When in doubt – Andrea Stéen

About the Author: My name is Andrea, I’m 24 and I’m a person who stutters. I live in Göteborg, Sweden and I’m currently a student enrolled at Linnéuniversitetet for a class in creative writing. I also work part time at a sports department store. I’ve stuttered since I could talk and spent many years struggling with acceptance. Now I’m involved with the stuttering community in any way that I can to spread the word about stuttering. I blog about my daily life with a stutter on www.andreasays.se and together with a friend run a girls’ support group on Facebook for women who stutter in Sweden. I’ve always loved writing and it was for a long time the only way I felt I could express myself. This paper is something I wrote about my experience at this year’s National Stuttering Association’s conference in Chicago. It’s about facing your fears and letting go.

You’re nine. Your bare knees rub against the cool linoleum floor in the classroom that is now a stage for the day. You wait patiently and fiddle with the sleeve of your shirt while a girl a few grades above you lives out the role as Cinderella; spinning around as if she’s showing off the layered, pink dress for you. It’s this year’s theme week, a week where every student gets the chance to try something new. You had hesitantly signed up for drama a few weeks earlier. You let out a giggle in the role as one of the mice, thinking it’s almost your turn.

The sun sneaks out from behind the clouds and casts a dancing shimmer along the wall opposite the windows lining up on one side of the classroom. The clock on the wall above the white board tells you the school day is just about to end. On the board, which isn’t as white anymore because of all the black lines written with a permanent marker, has this week’s schedule on it. The class only have a week to put the play together, time is short, and the air is filled with middle schoolers’ giggles.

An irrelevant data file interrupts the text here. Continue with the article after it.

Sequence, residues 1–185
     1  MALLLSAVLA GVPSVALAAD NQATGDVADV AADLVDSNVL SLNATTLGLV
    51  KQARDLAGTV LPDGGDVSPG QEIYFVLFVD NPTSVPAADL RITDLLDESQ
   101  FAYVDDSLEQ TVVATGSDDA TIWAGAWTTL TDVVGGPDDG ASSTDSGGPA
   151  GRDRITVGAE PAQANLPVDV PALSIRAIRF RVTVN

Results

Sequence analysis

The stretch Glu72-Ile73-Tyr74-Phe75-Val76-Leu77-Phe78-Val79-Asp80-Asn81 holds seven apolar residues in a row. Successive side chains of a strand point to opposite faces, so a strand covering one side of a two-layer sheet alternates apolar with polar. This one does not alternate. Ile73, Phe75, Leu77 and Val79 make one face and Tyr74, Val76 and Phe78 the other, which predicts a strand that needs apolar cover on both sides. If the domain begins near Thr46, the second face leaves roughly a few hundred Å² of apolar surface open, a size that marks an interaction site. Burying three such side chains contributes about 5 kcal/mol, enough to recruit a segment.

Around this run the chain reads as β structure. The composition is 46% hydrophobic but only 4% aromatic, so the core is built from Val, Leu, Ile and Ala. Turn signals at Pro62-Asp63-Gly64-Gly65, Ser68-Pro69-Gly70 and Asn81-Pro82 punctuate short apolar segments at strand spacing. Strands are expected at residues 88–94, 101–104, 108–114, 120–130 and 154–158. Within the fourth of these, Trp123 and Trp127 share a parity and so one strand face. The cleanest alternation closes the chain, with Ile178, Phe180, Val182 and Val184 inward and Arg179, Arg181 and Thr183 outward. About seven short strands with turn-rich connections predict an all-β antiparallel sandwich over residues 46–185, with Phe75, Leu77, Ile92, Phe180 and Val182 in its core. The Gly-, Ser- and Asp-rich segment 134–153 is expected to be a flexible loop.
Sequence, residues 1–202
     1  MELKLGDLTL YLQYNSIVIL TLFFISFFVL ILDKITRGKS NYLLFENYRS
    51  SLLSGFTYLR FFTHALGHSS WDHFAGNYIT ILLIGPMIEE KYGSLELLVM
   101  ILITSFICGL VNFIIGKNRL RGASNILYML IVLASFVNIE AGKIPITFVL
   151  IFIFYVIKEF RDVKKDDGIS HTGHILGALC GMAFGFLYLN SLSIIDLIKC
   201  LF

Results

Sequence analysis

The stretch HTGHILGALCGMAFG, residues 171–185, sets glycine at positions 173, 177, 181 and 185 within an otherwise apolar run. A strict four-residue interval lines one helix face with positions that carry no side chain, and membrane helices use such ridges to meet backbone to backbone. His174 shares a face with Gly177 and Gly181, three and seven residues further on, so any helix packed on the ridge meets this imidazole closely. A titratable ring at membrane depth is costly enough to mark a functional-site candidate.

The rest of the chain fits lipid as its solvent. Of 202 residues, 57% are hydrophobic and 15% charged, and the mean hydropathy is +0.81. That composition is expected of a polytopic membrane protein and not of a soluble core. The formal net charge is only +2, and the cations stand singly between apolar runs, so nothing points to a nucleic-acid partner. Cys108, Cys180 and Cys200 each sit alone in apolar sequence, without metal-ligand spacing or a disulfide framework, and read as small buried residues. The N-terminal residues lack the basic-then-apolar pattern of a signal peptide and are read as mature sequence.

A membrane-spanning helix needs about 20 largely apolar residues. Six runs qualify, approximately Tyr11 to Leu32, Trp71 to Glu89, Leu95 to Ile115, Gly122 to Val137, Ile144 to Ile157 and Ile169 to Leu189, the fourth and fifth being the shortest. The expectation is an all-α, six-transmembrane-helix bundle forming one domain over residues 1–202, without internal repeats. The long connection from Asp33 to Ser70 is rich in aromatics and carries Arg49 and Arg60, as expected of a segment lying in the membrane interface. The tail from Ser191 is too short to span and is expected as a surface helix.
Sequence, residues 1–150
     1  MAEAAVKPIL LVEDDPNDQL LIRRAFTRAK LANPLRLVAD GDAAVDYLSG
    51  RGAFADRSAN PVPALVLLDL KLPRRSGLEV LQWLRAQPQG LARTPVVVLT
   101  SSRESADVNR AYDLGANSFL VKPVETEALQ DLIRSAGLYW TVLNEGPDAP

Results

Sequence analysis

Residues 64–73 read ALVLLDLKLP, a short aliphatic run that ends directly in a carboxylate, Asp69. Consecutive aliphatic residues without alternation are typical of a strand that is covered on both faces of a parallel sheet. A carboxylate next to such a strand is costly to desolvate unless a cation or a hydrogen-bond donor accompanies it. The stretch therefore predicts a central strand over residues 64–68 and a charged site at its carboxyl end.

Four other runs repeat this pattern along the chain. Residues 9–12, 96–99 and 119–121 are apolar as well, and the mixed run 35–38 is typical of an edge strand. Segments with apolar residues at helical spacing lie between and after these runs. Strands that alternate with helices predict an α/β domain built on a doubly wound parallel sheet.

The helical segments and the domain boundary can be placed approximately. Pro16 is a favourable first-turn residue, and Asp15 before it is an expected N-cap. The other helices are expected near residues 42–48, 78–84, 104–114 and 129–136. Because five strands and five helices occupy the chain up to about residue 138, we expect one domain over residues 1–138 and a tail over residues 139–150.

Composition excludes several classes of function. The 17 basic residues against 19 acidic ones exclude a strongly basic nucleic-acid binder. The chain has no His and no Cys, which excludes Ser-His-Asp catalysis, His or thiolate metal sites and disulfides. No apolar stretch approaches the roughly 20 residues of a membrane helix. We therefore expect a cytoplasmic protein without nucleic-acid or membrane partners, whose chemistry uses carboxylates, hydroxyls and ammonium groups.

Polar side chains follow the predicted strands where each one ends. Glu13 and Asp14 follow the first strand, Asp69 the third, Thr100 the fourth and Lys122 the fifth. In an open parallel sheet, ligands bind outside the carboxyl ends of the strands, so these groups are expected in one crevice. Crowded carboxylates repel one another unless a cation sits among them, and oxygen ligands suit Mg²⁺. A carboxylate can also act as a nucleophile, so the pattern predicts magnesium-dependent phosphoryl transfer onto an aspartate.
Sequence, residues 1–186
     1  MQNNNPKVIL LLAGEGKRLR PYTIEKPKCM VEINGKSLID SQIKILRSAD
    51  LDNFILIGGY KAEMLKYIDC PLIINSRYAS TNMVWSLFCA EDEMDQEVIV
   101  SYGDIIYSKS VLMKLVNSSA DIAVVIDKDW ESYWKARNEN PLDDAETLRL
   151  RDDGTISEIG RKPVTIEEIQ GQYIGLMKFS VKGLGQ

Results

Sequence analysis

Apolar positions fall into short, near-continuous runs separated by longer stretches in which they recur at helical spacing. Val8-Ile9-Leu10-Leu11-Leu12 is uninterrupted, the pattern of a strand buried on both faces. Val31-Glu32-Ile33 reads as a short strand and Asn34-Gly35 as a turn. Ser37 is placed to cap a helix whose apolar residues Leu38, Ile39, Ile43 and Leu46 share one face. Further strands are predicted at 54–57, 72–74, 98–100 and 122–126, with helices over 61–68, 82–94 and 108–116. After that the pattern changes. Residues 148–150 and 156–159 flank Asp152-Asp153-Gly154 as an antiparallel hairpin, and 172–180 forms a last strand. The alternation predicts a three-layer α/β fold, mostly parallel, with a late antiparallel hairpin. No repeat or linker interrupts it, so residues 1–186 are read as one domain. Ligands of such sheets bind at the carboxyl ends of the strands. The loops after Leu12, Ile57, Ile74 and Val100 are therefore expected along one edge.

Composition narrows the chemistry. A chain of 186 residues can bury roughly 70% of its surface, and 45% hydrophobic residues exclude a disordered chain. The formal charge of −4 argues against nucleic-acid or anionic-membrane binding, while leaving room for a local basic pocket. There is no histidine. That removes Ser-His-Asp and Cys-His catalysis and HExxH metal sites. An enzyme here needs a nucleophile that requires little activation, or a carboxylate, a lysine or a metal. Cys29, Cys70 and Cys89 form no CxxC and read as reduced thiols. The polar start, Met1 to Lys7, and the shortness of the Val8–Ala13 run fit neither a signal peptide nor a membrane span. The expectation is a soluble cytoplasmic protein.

You’re up next. It’s time for your line. It feels like a thousand butterflies is flying around in your stomach. Two lines are over in the matter of seconds and you exhale, thinking that you pulled it off. You already can’t wait for the next run-through. You turn to your classmate who is sitting next to you, but before she can say her line one of the teachers clears her throat.


You nod in reply.

”Do you think you could try to stutter less?”

You’re 24. You’re in Chicago for the National Stuttering Association’s yearly conference for people who stutter. You stare on your lap and start tapping with your index finger on the side of your phone, while the murmur fades out in the giant hall. It’s the weekend’s last workshop, closing microphone, and anyone who wants to take the stage can. It’s time for the next person in line, a girl waits for her turn right by the steps leading up to the podium that is placed on the small stage. You take a quick glance around the room. Your roommates are seated beside you and you register several other familiar faces in the crowd. A friend sitting a few seats to your right notices the panic in your eyes and nods in encouragement. He knows what you are considering doing, he knows you want to and it’s true, you want nothing else. The knot in your stomach grows bigger and you can feel the nausea sneaking up on you. You clench the phone in your hand and leave sweaty marks from your palm on it.